In the study, researchers followed 328 women in New York City who were either African-American or Dominican-American, as well as their children, who were born between 1998 and 2006. The researchers measured the levels of four types of phthalates in the women’s urine, and looked at the children’s IQ scores at age 7.

They found that the children of mothers with the highest urine levels of two chemicals — called di-n-butyl phthalate (DnBP) and di-isobutyl phthalate (DiBP) — had IQ scores that were about 6 to 8 points lower than those of the children whose mothers had the lowest levels of those chemicals in their urine.’

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Henry Kissinger’s secret role in the Bhopal tragedy

Rob Edwards reports for The Scottish Herald:

‘Former US Secretary of State Henry Kissinger put pressure on the Indian Government to agree a legal settlement that let the American chemical company Union Carbide off the hook for the 25,000 people killed by the toxic gas disaster in Bhopal 30 years ago.

A letter released under freedom of ­information legislation reveals that the late Indian steel magnate JRD Tata wrote secretly to the Indian prime minister, Rajiv Gandhi, in May 1988 conveying ­Kissinger’s concern about the delays in reaching agreement on the compensation to be paid to victims.

At the time, Kissinger – who became notorious around the world in the 1970s for being involved in some of most hawkish US foreign policy decisions – was an adviser to Union Carbide and other major US corporations.’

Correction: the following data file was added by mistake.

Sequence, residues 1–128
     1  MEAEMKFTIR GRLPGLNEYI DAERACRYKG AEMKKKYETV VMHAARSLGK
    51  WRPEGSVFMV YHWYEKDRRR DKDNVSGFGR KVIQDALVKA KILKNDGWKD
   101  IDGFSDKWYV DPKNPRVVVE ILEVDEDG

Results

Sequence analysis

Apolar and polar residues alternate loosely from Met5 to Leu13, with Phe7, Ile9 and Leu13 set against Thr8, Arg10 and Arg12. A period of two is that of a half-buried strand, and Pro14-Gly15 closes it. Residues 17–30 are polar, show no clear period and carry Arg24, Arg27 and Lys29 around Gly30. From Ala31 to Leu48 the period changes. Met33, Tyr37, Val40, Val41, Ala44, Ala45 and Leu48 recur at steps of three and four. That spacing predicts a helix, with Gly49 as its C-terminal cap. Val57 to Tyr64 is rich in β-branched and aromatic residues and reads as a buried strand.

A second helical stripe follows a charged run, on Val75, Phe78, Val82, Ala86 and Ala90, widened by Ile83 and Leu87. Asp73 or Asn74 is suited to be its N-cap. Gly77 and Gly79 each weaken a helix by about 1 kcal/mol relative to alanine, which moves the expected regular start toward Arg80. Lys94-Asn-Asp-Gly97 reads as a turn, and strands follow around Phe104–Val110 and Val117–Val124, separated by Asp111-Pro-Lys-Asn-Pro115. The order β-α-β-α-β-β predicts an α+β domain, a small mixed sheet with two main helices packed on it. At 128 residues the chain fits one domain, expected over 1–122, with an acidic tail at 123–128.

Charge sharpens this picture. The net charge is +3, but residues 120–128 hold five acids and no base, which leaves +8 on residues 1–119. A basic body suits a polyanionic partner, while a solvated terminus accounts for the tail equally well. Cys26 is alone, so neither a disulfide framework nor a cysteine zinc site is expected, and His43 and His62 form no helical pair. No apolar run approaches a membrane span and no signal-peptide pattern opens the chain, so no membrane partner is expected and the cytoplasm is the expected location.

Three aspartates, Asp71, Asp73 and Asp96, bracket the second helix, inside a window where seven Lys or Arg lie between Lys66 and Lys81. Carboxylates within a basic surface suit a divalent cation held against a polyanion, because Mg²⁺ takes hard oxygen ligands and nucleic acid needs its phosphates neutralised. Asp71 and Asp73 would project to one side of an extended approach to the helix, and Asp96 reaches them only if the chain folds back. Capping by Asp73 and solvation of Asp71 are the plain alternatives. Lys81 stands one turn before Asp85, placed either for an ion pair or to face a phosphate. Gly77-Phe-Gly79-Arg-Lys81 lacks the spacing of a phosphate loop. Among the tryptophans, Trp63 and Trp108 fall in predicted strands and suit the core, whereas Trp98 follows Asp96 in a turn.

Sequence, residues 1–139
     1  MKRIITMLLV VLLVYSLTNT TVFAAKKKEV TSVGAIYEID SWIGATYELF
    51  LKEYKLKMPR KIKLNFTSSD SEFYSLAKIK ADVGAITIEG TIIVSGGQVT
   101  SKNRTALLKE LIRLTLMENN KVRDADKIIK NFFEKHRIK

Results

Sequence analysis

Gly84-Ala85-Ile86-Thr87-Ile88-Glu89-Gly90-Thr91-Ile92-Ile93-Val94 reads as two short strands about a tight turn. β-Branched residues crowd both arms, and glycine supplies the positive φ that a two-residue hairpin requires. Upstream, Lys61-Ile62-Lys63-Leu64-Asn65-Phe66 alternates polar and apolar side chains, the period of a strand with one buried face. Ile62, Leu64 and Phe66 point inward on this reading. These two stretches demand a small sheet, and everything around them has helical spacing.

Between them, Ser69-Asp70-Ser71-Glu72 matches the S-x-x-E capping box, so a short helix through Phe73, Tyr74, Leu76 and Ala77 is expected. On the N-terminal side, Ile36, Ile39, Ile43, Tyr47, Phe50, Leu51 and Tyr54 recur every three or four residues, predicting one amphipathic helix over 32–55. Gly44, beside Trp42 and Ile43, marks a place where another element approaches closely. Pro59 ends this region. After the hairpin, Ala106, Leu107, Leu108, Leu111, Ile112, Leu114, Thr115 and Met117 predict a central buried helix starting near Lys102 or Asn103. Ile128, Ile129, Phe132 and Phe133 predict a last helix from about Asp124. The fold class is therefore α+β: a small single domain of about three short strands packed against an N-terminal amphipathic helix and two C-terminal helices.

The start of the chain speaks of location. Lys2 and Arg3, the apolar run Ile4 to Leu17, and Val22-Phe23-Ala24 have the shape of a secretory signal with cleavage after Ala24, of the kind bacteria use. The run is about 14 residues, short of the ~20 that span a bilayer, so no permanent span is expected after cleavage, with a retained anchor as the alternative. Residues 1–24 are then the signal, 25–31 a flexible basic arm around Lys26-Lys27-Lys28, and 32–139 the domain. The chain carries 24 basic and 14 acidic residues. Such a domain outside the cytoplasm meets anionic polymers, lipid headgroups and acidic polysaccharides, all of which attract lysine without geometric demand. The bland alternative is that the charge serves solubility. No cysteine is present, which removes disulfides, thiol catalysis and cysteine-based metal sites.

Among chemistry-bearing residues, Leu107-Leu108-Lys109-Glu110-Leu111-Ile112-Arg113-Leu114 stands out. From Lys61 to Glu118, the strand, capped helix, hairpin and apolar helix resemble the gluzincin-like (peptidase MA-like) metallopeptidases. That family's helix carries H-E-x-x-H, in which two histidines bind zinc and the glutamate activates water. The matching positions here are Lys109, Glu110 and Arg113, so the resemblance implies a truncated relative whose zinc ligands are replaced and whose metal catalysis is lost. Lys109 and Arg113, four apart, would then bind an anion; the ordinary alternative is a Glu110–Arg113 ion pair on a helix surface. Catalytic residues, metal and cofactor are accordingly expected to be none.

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30 Years After Bhopal Gas Leak, U.S. Company Responsible Remains Unpunished: Interview with Vijay Prashad

Of mice and men: Comparing genetics raises new questions about reliability of rodent studies

David Warmflash reports for Genetic Literacy Project:

mice‘Whether for cancer research, heart disease, strokes, the effects of different diet, drug research, or animal evolution, we are accustomed to hearing about major medical and biological discoveries announced with results of studies using laboratory mice. The areas just mentioned constitute just the tip of the iceberg; throughout biological science, laboratory mice are ubiquitous. They are used to make the transition from cell culture, in in vitro work, to studies on human subjects with direct clinical implications. There are some exceptions, of course. Along the spectrum from cell to clinic, mice often are not useful for investigations involving new surgical procedures, treatment of head trauma, and various other areas, which require larger animals, such as dogs or primates. Excluding selected areas, though, the laboratory mouse really lies at the foundation of numerous life science studies, but is it an appropriate model in all cases?’

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Most Brits don’t eat five a day (unless you count chocolate)

Georgie Keate reports for The Times:

Fruit and vegetables‘More than three million people have not eaten any greens in the past week with most of them believing chocolate, cheese and meat are part of their five fruit and vegetables a day.

A recent study has found that despite the Department of Health issuing guidelines in 2002, men eat only 2.4 portions a day on average, while women are only slightly healthier, eating 2.7 daily portions.

Birds Eye, which commissioned the reserach, discovered that 10 per cent of adults were earting fewer greens than they did as a child, while 11 per cent claimed bad memories of school dinner.’

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Land of Waste: How Albania Became Europe’s Rubbish Tip